The Best Books for Genealogy Research: A Comprehensive Guide

Genealogy research can be daunting but with these 15 best books according to readers you'll be able to find records you didn't even know existed! Learn more here.

The Best Books for Genealogy Research: A Comprehensive Guide

Genealogy research can be a daunting task, especially for those who are just starting out. With so many resources available, it can be difficult to know where to begin. Fortunately, there are a number of books available that can help guide you through the process. From official manuals to comprehensive guides, these books provide invaluable information on how to correctly cite sources, evaluate and analyze them, and find records you didn't even know existed.

In this article, we'll take a look at the 15 best genealogy books according to readers. The first book on our list is Aren't There Enough Forms to Organize Family Data? This download contains more than 100 templates, checklists and worksheets to track your research, from conflicting death dates to DNA matches, censuses and source citations. It's an excellent reference for many disciplines, but focuses specifically on family research. The Genealogist Certification Board (BCG) Manual is another great resource. This official BCG manual provides uniform quality and ethical standards for genealogical research so that genealogists can model their own research based on them, as well as evaluate the work of others. It also explains how to correctly cite sources for genealogical research. The Milstein Division of the New York Public Library is another great resource for genealogists.

Not only do these types of guides help you find and interpret the most fundamental genealogical documents, but they can also lead you to records you didn't even know existed. For example, did you know that many states conducted their own censuses, which can provide additional documentation about their ancestors in the years between the federal censuses? Or that there are special resources that provide information about railroad employees? Or that the records of the Freedmen's Office include valuable genealogical records of both former slaves and white refugees? These are just some of the many records that can be discovered by consulting the specific genealogical guides of each record. Another great resource is Genealogy Explained, an educational site to help weekend warrior genealogists learn to climb their family trees. It addresses the basics of genetic genealogy and family history research, as well as discussing the issues of finding support while searching, how to deal with anxiety, fear, and search expectations, and how best to find DNA matches.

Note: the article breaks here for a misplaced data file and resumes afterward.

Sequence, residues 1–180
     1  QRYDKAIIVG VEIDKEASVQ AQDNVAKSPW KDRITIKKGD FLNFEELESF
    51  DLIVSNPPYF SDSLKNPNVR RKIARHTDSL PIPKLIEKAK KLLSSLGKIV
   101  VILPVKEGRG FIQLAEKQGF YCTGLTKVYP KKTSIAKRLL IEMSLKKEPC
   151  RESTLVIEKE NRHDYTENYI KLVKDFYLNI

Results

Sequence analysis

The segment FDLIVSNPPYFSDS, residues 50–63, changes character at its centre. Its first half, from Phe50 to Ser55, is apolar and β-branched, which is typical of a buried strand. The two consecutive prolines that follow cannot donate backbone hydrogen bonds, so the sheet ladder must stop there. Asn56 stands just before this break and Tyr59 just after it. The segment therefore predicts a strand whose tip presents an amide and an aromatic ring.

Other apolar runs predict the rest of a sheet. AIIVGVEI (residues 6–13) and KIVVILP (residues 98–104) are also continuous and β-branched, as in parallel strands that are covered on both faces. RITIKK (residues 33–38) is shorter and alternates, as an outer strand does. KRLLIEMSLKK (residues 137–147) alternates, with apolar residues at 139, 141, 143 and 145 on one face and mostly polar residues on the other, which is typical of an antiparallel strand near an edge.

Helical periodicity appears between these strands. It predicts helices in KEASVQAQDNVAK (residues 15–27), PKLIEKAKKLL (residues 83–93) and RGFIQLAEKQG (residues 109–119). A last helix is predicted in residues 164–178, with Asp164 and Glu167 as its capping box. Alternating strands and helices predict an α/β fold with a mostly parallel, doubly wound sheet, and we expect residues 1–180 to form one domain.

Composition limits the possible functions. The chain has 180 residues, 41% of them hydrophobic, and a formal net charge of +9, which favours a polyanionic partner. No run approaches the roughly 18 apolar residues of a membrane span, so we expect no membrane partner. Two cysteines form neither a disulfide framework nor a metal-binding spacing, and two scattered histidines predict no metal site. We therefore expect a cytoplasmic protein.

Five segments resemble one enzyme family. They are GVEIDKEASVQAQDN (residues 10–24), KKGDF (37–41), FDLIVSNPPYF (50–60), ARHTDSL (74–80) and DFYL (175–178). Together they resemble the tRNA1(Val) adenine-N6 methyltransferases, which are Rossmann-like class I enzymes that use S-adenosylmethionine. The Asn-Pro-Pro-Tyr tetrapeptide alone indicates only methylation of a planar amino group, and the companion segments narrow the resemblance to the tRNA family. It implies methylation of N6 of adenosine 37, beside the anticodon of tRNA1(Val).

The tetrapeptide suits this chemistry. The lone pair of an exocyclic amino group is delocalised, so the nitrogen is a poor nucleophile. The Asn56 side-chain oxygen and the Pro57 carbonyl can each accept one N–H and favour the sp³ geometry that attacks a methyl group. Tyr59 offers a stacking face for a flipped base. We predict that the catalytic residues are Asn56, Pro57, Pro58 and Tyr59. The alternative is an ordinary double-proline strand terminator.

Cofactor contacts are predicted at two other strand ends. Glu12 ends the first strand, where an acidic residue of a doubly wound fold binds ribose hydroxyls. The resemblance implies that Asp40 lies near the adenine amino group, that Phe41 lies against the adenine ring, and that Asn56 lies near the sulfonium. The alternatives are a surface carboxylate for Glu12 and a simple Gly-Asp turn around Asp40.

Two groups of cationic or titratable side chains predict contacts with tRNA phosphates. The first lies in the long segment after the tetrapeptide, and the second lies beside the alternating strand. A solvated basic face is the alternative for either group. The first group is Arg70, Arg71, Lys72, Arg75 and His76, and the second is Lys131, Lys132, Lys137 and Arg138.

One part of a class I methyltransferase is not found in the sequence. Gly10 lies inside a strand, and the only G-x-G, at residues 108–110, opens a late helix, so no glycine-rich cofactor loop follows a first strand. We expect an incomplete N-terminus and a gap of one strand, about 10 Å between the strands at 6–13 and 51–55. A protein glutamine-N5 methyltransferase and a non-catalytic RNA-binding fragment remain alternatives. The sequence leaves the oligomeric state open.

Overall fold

Forensic Genealogy

, recommended by a dear friend and mentor who is also a genealogist, is another great book. It was called “the classic of all time” by Milton Rubincam in his introduction to genealogy as a hobby and profession.

It provides useful and expert information on topics of general interest to genealogists.

Genealogy Standards

, written by more than 100 collaborators and advisors from the Genealogical and Biographical Society of New York (NYG&B), is another must-read for anyone looking to develop a career in genealogy or continue their education. It provides a definitive guide to research resources in New York State.

Full-Color Illustrations

help the genealogist incorporate techniques into personal or client research projects.

Real Names: A Book of Nomenclature

, written by Russell Ash, researched centuries of vital records, census records, phone books and other sources for this unbridled list of real names.

Karen Stanbary's Genealogical Test Standard

applies genetic genealogy in a hypothetical case of unknown paternity that illustrates an end-to-end analysis. Finally, The Genealogist's Toolbox, written by Blaine Bettinger author of the blog The Genealogist and several articles in Family Tree magazine, explains how genetic genealogy works and answers questions from genealogists and people looking for information about their family trees.

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